What do Michelangelo, Leonardo, Donatello and Raphael have in common? Renaissance artists? But ask avid comic collectors and video games addicts and they’ll give you a different answer. Teenage Mutant Ninja Turtles! That’s right. But we could actually put it into a more appropriate term: Teenage Mutant Ninja Terrapins.
Eat like a Terrapin
What do terrapins eat? All terrapins are omnivores: they, by nature, eat anything they find edible to eat. Fishes, snails, worms, insects, grasses, fruits and vegetables, etc. are just a part of their buffet.
In the wild, terrapins eat live prey. They don’t like to scavenge on dead meat. Of course, who doesn’t want his food to be as fresh as the early morning dew? However, people have come to adore these little babies that they take them as pets. So when domesticated, the owner has to make sure to provide low-fat meat as part of a nutritious diet, consisting of plant food and all.
On the contrary, they drool over fish like tuna, mackerel, sardines, etc. which is good, since these are widely-available in the nearest supermarkets globally. They also enjoy mussels, prawns, earthworms, water snails, among all others. Terrapins should be allowed to eat all parts of the fish since each part is saturated with specific nutrients. Plant food consists mainly of leafy vegetables, flowers and fruits. They normally relish lettuce, watercress, and other green veggies. Fruits – apple, blackberry, strawberry, blueberry, raspberry, and banana – are greatly appreciated. You could easily notice that the younger terrapin’s diet consists mainly of meat, while the older ones are omnivorous.
One very important factor to bear in mind is that terrapins, just like humans, shouldn’t be fed with the same food for stretched periods of time, since the same food can only contain the same nutrients, and thus, aren’t going to be enough.
But it is very hard to tell which of these are terrapin’s favorites. It is because their diet is very diverse, and the sure way to find out is to try. Some say that the terrapin’s staple food is relatively decided. They, like us humans, have special preferences, and it depends upon the terrapin itself! Most don’t easily appreciate cooked meat, though of course, if very hungry, won’t have any choice but to eat them. Some are given commercial foods to help in the diet but is never enough to replace the healthy, natural diet. Some are also given dietary supplements to satisfy the terrapin’s nutrient requirements. Lastly, young terrapins should be fed on a daily basis, while the older ones don’t demand much. Three to four times a week can be satisfying for them already.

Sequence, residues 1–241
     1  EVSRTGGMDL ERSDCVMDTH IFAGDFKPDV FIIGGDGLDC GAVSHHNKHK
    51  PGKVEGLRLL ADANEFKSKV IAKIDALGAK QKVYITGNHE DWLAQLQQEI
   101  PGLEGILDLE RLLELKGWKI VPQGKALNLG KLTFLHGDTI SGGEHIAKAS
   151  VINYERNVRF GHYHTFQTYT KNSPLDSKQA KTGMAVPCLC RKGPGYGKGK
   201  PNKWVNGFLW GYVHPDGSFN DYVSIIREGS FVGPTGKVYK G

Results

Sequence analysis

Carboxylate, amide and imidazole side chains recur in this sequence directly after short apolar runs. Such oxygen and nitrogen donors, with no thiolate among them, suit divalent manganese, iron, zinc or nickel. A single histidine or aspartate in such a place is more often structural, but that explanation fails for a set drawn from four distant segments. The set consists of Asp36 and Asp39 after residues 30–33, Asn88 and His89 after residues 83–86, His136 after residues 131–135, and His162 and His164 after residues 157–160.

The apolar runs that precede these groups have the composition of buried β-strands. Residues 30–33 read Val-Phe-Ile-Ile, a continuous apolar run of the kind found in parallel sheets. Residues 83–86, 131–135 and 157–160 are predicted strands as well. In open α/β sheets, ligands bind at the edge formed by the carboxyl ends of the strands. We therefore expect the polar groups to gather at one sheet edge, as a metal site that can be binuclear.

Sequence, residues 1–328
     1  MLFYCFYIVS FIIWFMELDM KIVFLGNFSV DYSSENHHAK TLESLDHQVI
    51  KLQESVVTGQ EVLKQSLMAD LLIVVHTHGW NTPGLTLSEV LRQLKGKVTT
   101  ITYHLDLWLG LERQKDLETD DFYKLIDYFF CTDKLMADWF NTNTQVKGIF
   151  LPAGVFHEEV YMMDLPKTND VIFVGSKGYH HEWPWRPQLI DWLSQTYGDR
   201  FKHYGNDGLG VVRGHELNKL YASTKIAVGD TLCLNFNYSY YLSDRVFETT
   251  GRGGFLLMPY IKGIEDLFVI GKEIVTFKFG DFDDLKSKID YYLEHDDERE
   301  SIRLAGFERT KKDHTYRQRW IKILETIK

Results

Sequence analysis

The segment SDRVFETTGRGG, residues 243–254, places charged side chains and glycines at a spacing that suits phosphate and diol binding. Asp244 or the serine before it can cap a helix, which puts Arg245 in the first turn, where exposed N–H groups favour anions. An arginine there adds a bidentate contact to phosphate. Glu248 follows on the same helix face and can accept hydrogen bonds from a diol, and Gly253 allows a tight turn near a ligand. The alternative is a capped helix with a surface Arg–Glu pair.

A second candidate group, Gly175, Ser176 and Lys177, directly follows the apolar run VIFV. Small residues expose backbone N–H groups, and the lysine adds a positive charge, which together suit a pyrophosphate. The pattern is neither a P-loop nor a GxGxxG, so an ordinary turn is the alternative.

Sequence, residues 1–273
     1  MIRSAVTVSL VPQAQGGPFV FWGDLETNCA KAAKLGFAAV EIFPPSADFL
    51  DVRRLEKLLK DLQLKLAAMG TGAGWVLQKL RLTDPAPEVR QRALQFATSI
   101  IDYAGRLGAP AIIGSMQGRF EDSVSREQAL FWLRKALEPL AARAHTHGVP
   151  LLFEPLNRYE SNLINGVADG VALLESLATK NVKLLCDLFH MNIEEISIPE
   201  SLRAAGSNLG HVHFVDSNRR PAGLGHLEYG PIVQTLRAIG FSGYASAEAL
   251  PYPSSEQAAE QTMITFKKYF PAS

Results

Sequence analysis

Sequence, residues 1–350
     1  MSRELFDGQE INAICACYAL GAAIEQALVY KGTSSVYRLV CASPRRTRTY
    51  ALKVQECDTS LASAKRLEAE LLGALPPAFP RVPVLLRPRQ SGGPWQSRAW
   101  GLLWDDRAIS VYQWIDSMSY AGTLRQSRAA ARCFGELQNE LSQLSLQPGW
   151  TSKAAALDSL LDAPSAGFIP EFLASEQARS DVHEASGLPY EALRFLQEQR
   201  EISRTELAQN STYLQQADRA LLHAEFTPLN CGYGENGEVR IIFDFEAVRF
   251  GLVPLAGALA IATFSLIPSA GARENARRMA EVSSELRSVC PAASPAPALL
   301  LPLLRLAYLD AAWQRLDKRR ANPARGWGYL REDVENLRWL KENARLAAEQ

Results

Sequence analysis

By USDA photo by Jenny Mastanuono (Flickr: 20120523-USDA-APHIS-JEM-1210) [CC-BY-2.0 (http://creativecommons.org/licenses/by/2.0) or Public domain], via Wikimedia Commons
Other information about terrapins
Turtles, Terrapins and Tortoises are Chelonians; they are reptiles characterized by a body-encasing shell of usually fused, bony plate, covered by large, spiny scales. These hard-shelled fellows are estimated to have been roaming around the planet since the Triassic period, approximately 200 million years ago. If you think that their protective shells and anatomical structures have just been recently developed, you are wrong; they have gone dramatically unchanged in anatomical appearance since that time. Nevertheless, one cannot help but be amazed by how these reptiles came up with an adamant shell. Perhaps the creators of TMNT chose artistic names for their main characters since the artworks in their shells are a spectacle.
Turtles are referred to as those that primarily thrive in saltwater; tortoises are those who live mainly on land. Where do terrapins live? They are the ones you can find mostly in freshwater, so Donatello and the gang are actually terrapins. But basically, Terrapin is just an Algonquian word that also means turtle.
Their sizes can be measured by the length of their upper shell (carapace) or the lower shell (plastron) in a straight line from front to rear. The cutest – and when I mean cute, I say small – measure less than 12cm. The largest in existence today can reach 2.4m. If in case you’re wondering if they’re going to fit in your aquarium, you need not worry, because you won’t find them in pet shops, and they aren’t even terrapins to begin with! You can find more info about terrapins here which I think is a brilliant site.